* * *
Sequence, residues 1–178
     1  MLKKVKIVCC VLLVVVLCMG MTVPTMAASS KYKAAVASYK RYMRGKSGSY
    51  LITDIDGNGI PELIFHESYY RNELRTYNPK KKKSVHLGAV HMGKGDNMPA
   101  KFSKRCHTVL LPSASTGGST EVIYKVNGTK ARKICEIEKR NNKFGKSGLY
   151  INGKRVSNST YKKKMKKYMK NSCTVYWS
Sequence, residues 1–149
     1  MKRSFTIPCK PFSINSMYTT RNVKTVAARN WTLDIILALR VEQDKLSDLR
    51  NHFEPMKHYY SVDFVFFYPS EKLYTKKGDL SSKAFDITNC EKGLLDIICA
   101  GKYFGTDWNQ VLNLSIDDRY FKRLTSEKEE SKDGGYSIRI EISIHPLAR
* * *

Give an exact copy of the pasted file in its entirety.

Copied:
Sequence, residues 1–178
     1  MLKKVKIVCC VLLVVVLCMG MTVPTMAASS KYKAAVASYK RYMRGKSGSY
    51  LITDIDGNGI PELIFHESYY RNELRTYNPK KKKSVHLGAV HMGKGDNMPA
   101  KFSKRCHTVL LPSASTGGST EVIYKVNGTK ARKICEIEKR NNKFGKSGLY
   151  INGKRVSNST YKKKMKKYMK NSCTVYWS
Sequence, residues 1–149
     1  MKRSFTIPCK PFSINSMYTT RNVKTVAARN WTLDIILALR VEQDKLSDLR
    51  NHFEPMKHYY SVDFVFFYPS EKLYTKKGDL SSKAFDITNC EKGLLDIICA
   101  GKYFGTDWNQ VLNLSIDDRY FKRLTSEKEE SKDGGYSIRI EISIHPLAR